You don’t leave fish to find fish.
That’s what Maine guide Dan Legere says, and he means it. Yes, there was a pristine three-mile ribbon of water in front of us on Sunday morning. And yes, that stretch of the East Outlet of the Kennebec River was likely full of hard-fighting landlocked salmon and brook trout.
But you don’t leave fish to find fish. And we were on top of dozens of fish, all of which took turns rising to caddisflies, the imitations that we cast to them, and who-knows-what else. Legere, proprietor of the Maine Guide Fly Shop in Greenville, was serving as host of the annual drift boat trip the BDN and he give away to a lucky angler.
This year, that angler was Byron Hale of Bangor, a fisherman who set a new standard for piscatorial attire with a stunningly gaudy baseballl cap that he used to wear when he picked up his young daughter at school dances. “She’d never get in the car with me. She’d find another ride home,” Hale said, clearly proud of the cap with a fish tail protruding from the rear, a fin on the top, and the fish’s head leaping out of the brim.
Hale wasted no time in hooking up, landing his first fish just 20 minutes into the daylong drift. Five minutes later, he’d landed another. Twenty minutes after that, another. And that’s the way it went for much of the day.
Don’t leave fish to find fish? We didn’t.
“When you see a fish feed, nine times out of 10, it’s in the foam,” Legere said, passing along the first of many tips that make the annual trip so interesting. “This is what I do for a living: I watch fish feed,” he said. “And foam means food.”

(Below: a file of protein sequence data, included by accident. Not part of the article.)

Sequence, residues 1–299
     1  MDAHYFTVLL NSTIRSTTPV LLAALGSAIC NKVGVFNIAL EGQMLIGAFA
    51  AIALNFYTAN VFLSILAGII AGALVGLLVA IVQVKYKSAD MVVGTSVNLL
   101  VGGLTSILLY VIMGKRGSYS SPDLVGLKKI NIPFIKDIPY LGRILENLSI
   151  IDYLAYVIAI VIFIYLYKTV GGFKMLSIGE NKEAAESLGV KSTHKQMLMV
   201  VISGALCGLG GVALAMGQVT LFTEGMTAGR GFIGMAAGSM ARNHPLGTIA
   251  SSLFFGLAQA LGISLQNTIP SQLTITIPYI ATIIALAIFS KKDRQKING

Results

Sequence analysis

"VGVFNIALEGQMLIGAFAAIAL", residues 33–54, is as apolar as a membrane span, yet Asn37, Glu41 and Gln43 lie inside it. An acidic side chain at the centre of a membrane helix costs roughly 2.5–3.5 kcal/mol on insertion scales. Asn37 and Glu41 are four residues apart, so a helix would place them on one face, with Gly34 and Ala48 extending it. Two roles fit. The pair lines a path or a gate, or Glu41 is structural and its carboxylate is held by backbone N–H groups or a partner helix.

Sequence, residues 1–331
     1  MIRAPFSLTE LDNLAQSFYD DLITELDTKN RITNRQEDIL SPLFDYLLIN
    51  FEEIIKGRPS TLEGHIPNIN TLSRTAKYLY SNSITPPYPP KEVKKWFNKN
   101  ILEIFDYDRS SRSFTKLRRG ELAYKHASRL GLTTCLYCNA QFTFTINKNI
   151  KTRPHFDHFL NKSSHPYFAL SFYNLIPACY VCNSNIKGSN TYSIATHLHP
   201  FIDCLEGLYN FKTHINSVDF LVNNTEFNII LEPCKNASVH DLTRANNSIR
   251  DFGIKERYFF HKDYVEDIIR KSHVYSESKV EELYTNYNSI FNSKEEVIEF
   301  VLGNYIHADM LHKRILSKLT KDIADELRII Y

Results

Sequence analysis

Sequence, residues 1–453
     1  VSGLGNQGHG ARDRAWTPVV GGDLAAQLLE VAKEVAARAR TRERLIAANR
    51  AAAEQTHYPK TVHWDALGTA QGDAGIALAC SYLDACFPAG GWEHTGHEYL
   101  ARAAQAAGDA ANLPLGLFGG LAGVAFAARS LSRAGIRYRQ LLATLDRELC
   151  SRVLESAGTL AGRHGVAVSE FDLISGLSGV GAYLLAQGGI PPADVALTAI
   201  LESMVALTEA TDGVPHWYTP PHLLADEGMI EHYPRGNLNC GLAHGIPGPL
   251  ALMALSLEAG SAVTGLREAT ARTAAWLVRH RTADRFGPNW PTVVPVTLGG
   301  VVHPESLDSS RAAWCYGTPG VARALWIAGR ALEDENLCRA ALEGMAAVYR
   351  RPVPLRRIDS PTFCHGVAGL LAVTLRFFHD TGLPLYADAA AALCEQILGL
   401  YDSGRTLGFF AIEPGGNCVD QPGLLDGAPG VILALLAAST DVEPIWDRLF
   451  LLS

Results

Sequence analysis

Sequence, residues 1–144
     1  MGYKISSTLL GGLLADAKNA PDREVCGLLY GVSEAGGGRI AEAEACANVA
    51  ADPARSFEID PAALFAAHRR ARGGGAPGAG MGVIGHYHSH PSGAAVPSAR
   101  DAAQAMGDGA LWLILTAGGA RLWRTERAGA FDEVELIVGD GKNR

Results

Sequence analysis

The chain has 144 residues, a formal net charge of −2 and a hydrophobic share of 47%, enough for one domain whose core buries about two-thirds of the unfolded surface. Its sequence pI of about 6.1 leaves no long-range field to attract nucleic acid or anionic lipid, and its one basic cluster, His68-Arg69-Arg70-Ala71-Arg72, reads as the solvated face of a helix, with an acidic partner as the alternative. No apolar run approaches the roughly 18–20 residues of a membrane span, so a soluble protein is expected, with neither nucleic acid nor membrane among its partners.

Of course, Legere does more than watch fish feed. While he’s on the water six or seven days per week during the peak season, he often finds that the anglers he’s mentoring need a little help getting out of fishing’s unavoidable tangles.
“I’m a professional knot-untier,” he said at one juncture, after either Hale or I (probably the latter) had made a mess of his leader. “I’m ready for the knot-untying Olympics. You can put me on the clock against anybody.”
Before he finished his proclamation, Legere had finished untying the knot and was tossing the line back into the river, ready to fish. Hale proved to be a skilled caster and experienced fisherman, and he quickly performed all the tasks Legere asked of him. One was particularly impressive, as Legere presented him with a graduate-level cast to a productive lie.
Cast too far, and the fly ended up in slack water. Cast too short, and the fish wouldn’t budge. Cast into a six-inch window and quickly mend the line upstream, and you had the chance to land a fish that we’d watched feed steadily for nearly an hour while we fished farther upstream.
That’s exactly what Hale did, feathering a side-arm cast under overhanging branches into the feeding zone, waiting a beat, then setting the hook on a slurping fish.
Lunch, served on a small island, was perfect, dessert — Penny Legere’s blueberry cobbler served in a small Mason jar — was divine, and the weather was sunny and nearly breezeless.
Over the course of the day, Hale hooked and landed every kind of fish the river had to offer. Me? I sat in the back, cast until my arm hurt, and managed to hook a few
And at the end of the day, Hale said the same words I’ve heard from many of our contest winners over the years.
“I may have to come back up here and do this again,” he said.